Mackey: Well, first of all, there's not a widespread perception that how much food prices have gone down in the last 100 years you often times need to look at poverty in a historical treadline context and look at price of food. I mean we spent about 60% of our disposable income on food a hundred years ago, and we now spend about 8% in the United States. America has the interesting paradox that our poor people are fat, and the poor people in other nations are thin, because cheap calories are readily available in American society. But it would take us pretty far a field if we were to discuss the, I don't think the American people get the honest truth about what health and nutrition is. And I think the government is heavily involved in that, due to the way its regulated and due to the power that a lot of the big food companies have in terms of capturing those regulators, so the truth about healthy food and healthy diet is not readily available in America. But that's a little bit off our topic and perhaps I don't want that on CNN, so I'll have a conversation off the record with you.
Stengel: I see a question from Ed McCarrick, our President and Worldwide Publisher, I would have introduced you Ed, but...
Ed McCarrick: Oh, that's perfectly ok. Just a quick question, because I do sit on a board concerned worldwide that is all about empowering women in third world countries and so forth. But the question to me is, and we are part of this Rick, you and me, and maybe this is a question to you and everybody else can make a comment, so I don't put you on the spot, does media do the right job in terms of talking about what these companies are doing? Because I know that sometimes, and I'm not criticizing here, you know, we'll put on the cover of Time, you know, 'Why You're Prescription Drugs Cost Too Much Money,' and then I've got the CMO and CEO of a company blistering me all week on the phone, but is there the opportunity there for us and is there the responsibility, because I know when Mr. Luce and Mr. Hadden founded this brand name they viewed it in the public trust. For us to go forward, since we are a global brand, CNN is a global brand, can we do more? Ok, could we start a Time 100 on corporate social responsibility, ok that we could do on an annual basis and use our Time 100 as part of this process, and make it a much bigger educational process for the fact that we touch 30 million consumers in one week, and we're touching a 100 million online every month and so forth. Is there an opportunity there for us, and I'd be interested in terms of what the esteemed panel thinks about that as part of the process?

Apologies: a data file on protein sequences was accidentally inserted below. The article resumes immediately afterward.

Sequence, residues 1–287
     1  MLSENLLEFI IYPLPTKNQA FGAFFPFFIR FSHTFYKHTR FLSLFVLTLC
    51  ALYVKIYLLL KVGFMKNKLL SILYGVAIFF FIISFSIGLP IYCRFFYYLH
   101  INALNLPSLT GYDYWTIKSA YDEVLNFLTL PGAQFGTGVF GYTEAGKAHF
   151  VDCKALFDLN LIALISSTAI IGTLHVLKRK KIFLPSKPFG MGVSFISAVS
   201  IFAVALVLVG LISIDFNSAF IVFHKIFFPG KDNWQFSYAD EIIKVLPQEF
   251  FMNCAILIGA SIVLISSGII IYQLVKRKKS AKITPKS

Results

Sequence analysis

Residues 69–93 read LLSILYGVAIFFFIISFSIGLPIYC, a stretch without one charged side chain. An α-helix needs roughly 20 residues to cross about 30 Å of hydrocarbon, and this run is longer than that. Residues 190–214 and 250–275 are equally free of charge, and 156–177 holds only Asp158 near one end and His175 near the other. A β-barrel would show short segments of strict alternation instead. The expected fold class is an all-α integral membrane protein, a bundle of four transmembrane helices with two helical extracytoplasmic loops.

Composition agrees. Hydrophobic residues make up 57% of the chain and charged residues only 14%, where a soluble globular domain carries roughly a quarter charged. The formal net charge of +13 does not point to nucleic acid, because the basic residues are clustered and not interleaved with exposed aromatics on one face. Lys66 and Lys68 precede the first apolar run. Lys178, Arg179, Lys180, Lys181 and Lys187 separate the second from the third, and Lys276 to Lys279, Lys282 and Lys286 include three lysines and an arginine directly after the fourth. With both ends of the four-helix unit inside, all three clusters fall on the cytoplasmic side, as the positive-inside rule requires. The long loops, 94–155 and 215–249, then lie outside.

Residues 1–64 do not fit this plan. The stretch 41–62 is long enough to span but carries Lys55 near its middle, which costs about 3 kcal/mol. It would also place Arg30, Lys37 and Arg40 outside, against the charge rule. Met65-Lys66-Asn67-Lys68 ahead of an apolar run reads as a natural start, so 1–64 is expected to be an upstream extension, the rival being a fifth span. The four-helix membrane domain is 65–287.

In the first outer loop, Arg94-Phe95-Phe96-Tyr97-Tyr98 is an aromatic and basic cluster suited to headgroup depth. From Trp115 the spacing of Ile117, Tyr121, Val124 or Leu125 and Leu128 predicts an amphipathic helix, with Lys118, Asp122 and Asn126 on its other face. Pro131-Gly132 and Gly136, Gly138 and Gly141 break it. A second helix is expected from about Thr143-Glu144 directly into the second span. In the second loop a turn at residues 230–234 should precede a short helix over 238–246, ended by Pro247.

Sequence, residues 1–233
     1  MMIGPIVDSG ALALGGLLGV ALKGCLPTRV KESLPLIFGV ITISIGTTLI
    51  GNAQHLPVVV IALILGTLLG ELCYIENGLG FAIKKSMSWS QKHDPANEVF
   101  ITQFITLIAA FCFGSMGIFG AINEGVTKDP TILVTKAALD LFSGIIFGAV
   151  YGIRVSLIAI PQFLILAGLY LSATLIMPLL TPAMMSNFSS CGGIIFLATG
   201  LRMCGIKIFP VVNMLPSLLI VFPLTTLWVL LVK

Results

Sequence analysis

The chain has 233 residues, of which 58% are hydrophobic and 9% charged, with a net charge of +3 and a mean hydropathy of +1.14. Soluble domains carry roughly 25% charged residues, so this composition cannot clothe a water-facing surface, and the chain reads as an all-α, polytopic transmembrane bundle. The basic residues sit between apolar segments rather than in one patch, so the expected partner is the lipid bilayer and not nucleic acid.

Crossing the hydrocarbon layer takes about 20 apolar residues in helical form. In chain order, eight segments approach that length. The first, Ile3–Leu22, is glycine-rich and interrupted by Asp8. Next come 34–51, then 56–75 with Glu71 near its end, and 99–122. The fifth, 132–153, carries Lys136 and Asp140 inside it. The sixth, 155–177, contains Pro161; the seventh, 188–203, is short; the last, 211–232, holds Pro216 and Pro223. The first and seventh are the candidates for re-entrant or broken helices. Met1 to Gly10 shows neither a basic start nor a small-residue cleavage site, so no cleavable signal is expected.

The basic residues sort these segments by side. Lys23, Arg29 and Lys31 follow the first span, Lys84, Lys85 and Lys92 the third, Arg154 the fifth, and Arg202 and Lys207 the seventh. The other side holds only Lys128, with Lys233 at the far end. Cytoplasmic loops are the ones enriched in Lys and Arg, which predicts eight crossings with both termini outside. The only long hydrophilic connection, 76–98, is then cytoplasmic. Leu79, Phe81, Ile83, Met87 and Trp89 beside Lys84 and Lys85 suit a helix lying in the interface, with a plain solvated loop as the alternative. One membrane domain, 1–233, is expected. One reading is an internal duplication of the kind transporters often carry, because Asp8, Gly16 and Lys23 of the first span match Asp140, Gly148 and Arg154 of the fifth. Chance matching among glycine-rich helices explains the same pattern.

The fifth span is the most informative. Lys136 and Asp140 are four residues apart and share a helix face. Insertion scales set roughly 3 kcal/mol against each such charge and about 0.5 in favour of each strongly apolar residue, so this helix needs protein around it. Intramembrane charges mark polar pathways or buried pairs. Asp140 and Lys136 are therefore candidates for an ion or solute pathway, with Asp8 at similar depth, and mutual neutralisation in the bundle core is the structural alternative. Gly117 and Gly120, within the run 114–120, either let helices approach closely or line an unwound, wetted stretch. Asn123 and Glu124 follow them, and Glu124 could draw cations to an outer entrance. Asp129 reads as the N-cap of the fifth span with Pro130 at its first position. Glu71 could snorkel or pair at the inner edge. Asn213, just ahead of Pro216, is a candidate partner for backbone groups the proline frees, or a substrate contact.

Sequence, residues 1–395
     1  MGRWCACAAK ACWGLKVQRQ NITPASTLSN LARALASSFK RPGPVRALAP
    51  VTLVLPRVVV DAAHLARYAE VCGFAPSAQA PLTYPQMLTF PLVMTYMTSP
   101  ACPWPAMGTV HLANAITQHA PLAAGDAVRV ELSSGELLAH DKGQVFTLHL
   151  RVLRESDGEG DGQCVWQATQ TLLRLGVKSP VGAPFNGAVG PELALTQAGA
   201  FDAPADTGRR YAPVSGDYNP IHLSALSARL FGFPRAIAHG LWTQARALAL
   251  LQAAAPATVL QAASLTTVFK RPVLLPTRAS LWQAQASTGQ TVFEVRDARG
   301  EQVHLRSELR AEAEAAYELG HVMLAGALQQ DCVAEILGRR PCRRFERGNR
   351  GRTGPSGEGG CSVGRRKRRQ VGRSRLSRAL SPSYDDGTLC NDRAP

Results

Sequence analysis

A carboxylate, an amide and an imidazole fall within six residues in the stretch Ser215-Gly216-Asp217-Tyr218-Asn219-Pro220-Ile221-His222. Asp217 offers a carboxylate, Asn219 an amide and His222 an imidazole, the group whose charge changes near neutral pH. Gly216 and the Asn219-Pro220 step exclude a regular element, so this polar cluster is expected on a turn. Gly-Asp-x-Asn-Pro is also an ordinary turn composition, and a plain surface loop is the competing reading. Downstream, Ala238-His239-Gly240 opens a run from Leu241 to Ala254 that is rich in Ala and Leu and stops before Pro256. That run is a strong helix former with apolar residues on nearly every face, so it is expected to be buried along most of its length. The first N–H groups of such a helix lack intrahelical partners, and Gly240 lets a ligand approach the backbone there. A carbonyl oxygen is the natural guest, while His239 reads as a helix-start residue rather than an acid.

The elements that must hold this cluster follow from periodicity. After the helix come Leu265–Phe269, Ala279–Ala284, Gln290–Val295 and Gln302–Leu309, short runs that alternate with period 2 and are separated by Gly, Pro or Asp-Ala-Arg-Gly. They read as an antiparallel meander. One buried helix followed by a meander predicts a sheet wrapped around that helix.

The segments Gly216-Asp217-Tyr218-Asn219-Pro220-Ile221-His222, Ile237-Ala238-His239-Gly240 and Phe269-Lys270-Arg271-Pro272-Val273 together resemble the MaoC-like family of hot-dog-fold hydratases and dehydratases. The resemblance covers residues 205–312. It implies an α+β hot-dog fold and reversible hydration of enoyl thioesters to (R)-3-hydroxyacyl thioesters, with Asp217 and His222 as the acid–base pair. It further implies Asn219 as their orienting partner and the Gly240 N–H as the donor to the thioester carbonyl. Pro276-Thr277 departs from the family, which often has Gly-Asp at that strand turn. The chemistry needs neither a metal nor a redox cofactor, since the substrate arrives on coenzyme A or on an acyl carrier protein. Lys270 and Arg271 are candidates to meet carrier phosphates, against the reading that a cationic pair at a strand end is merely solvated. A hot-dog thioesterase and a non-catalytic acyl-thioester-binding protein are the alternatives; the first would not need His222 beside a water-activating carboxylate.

Stengel: Now, I would love to...
McCarrick: The media in general, not TIME in particular. But we'd love you to say something about TIME. But is there an opportunity there for us?